[cabfpub] Pre-Ballot - Short-Life Certificates
richard.smith at comodo.com
Fri Oct 24 06:42:33 MST 2014
You're argument hinges upon either the browser having already cached a
Good OCSP response, OR an active attacker serving up a stapled Good OCSP
response, and in those cases, yes, short lived w/out revocation info is
equal to longer lived cert with revocation info. BUT in a case where
neither of those (cached response or active attacker) is true, at least
as far as Comodo systems are concerned, we will serve a Revoked OCSP
response as soon as we revoke a certificate. If there is no cached
response already stored by the browser and there is not an active
attacker who has already obtained and is serving a Good OCSP response,
anyone encountering that cert WILL see that it is revoked, so it is NOT
equal in such a case. In a case of simple fraudulent activity by a site
owner, it is very likely that for many users there will be neither a
cached response nor an active attacker and I don't like the idea of
assuming those things will ALWAYS be the case, and just writing off all
other situations in which the user WILL see that the cert has been
revoked rather than just allowing them to possibly be compromised by
other factors for the remainder of the certificate life.
On 10/24/2014 9:12 AM, Gervase Markham wrote:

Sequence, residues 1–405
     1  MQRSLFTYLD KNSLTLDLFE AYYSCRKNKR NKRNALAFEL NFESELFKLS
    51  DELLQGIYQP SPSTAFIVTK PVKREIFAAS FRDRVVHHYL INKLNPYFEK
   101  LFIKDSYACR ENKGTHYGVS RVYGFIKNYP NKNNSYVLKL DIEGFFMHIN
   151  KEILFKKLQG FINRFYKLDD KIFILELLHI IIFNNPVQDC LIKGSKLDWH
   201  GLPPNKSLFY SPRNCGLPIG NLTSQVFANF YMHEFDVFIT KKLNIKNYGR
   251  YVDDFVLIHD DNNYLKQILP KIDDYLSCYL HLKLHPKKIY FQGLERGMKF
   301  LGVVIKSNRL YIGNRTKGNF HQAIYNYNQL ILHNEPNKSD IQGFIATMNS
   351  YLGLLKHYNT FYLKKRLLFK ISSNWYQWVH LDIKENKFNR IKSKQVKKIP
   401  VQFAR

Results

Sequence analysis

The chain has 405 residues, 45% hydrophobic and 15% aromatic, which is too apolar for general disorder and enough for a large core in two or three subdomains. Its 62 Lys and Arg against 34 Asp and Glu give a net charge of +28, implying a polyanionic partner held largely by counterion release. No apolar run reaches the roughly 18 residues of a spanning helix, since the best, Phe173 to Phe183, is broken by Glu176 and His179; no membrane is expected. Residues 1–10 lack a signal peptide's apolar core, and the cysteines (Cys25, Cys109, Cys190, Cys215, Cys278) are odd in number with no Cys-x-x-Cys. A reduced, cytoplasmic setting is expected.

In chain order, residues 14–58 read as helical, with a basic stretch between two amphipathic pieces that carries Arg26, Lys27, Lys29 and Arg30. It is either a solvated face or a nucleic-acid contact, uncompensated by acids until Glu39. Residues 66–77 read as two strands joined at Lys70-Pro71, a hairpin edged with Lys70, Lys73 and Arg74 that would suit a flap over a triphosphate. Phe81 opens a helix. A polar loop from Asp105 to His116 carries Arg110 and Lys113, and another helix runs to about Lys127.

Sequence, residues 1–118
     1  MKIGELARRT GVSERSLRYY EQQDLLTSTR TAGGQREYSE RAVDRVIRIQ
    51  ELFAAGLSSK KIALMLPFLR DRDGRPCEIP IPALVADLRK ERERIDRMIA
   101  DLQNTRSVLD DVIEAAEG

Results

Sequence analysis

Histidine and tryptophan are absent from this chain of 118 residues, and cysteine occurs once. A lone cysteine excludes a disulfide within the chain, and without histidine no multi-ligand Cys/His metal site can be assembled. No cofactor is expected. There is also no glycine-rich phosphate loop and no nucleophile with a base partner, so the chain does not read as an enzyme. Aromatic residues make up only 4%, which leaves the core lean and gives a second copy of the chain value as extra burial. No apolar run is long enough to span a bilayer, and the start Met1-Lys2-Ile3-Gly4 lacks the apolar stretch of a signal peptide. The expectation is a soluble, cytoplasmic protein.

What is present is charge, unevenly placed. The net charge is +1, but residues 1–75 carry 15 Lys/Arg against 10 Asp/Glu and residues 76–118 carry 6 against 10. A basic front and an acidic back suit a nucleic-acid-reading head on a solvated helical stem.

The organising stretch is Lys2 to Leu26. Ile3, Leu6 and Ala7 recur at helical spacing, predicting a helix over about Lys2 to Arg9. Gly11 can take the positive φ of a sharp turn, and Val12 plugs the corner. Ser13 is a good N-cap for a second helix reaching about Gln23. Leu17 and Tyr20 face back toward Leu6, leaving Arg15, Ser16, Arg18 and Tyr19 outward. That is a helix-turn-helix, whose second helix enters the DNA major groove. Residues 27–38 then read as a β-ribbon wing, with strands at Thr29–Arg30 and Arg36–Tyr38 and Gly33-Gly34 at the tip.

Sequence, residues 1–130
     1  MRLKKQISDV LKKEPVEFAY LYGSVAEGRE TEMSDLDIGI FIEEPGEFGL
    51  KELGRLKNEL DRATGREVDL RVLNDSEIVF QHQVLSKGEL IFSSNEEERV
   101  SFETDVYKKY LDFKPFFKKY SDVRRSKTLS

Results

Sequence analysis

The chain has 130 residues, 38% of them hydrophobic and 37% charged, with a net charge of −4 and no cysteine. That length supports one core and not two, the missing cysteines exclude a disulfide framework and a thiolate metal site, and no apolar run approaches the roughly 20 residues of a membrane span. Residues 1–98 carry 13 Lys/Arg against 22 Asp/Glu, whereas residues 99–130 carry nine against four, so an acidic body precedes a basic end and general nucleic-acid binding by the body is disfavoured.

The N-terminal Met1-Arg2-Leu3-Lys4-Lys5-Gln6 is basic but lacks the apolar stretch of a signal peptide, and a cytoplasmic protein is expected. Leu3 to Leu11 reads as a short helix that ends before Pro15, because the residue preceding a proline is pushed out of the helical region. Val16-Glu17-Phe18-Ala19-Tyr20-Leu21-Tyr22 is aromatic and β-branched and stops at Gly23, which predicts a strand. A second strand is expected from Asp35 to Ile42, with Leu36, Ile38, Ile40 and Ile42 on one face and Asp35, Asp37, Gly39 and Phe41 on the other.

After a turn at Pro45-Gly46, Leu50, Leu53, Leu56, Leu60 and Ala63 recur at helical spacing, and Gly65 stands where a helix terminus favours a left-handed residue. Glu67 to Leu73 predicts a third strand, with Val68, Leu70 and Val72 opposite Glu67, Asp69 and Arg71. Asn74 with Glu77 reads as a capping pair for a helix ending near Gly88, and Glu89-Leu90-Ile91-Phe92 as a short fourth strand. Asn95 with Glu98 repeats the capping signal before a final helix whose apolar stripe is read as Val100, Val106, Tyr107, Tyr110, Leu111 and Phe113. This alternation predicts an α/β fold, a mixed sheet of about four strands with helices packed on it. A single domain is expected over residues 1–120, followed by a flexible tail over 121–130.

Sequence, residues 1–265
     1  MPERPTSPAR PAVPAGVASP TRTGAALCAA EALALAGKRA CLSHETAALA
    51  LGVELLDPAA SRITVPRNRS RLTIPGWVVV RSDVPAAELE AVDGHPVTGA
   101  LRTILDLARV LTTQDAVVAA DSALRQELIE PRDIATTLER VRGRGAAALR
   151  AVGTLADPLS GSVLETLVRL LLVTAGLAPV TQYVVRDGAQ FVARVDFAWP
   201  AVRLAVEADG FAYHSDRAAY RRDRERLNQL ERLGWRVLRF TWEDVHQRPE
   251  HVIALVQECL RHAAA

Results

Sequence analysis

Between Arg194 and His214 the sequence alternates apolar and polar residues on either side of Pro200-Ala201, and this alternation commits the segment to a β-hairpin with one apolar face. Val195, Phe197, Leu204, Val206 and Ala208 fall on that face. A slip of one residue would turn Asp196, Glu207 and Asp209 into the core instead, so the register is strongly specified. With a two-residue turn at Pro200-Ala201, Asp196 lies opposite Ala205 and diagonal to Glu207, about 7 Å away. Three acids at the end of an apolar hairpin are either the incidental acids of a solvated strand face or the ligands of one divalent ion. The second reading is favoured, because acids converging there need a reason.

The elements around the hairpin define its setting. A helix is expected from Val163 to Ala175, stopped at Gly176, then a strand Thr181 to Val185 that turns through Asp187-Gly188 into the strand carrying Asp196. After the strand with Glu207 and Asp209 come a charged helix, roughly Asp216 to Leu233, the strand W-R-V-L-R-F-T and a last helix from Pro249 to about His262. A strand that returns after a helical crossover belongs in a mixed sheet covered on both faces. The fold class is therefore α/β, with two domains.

> On 24/10/14 13:40, Rich Smith wrote:
>> I keep coming back to this same question every time this comes up, and I
>> have not received a satisfactory answer yet:
>> Why MUST a short lived certificate be issued without containing
>> revocation information?
> And I keep asking it every time you ask: because putting in revocation
> information eliminates 90% of their advantage, because there is then no
> advantage in all the currently-existing clients. A short-lived cert with
> revocation pointers will still incur the delay of revocation checking,
> even though (this is the argument, and the argument with which I hope
> you will engage) it's not necessary to provide them because the security
> properties of a 3-day cert are broadly comparable to a 1-year cert with
> 10-day, 5-day or 3-day-expiry OCSP responses.
>> The simple fact of the matter is that revocation info in the certificate
>> MAY help SOME users IF the certificate gets revoked, and I have yet to
>> see anyone offer up any decent argument for why the revocation info
>> absolutely MUST NOT be present for short-lived certs to work.
> No one is arguing that it MUST NOT be present for short-lived
> certificates to "work". But if a site and a CA are together considering
> deploying such a technology, they will look at the costs and benefits.
> There will be significant costs in setting up the system; if the
> benefits are only in 5% or 10% of clients, it may well be judged not to
> be worth it.
>> I'm open
>> to such an argument, but until I see it I remain opposed to a ballot to
>> allow any certificate to be issued without revocation information.
> I don't understand this position. Surely the acceptability or not of
> short-lived certificates should depend on whether their security
> properties are broadly comparable to existing solutions, not on whether
> I can construct an argument that shows it's required to remove the
> revocation information for it to be technically feasible to deploy them?
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